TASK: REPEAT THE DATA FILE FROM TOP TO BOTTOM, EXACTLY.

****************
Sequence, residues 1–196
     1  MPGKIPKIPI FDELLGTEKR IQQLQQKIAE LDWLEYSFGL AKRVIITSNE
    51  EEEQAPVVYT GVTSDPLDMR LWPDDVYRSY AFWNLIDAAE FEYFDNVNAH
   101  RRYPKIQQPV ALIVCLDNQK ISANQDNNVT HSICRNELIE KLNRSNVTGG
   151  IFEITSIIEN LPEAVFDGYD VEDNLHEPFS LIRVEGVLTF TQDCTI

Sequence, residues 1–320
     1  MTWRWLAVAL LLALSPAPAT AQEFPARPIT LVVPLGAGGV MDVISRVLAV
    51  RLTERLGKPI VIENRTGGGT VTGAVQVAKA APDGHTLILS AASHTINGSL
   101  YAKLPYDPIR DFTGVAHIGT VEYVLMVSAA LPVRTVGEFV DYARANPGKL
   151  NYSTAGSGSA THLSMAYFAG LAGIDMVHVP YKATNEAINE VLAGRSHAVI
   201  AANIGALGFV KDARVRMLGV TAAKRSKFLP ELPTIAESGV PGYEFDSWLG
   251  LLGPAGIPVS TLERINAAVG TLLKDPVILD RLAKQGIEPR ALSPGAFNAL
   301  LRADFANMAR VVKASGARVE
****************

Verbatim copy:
Sequence, residues 1–196
     1  MPGKIPKIPI FDELLGTEKR IQQLQQKIAE LDWLEYSFGL AKRVIITSNE
    51  EEEQAPVVYT GVTSDPLDMR LWPDDVYRSY AFWNLIDAAE FEYFDNVNAH
   101  RRYPKIQQPV ALIVCLDNQK ISANQDNNVT HSICRNELIE KLNRSNVTGG
   151  IFEITSIIEN LPEAVFDGYD VEDNLHEPFS LIRVEGVLTF TQDCTI

Sequence, residues 1–320
     1  MTWRWLAVAL LLALSPAPAT AQEFPARPIT LVVPLGAGGV MDVISRVLAV
    51  RLTERLGKPI VIENRTGGGT VTGAVQVAKA APDGHTLILS AASHTINGSL
   101  YAKLPYDPIR DFTGVAHIGT VEYVLMVSAA LPVRTVGEFV DYARANPGKL
   151  NYSTAGSGSA THLSMAYFAG LAGIDMVHVP YKATNEAINE VLAGRSHAVI
   201  AANIGALGFV KDARVRMLGV TAAKRSKFLP ELPTIAESGV PGYEFDSWLG
   251  LLGPAGIPVS TLERINAAVG TLLKDPVILD RLAKQGIEPR ALSPGAFNAL
   301  LRADFANMAR VVKASGARVE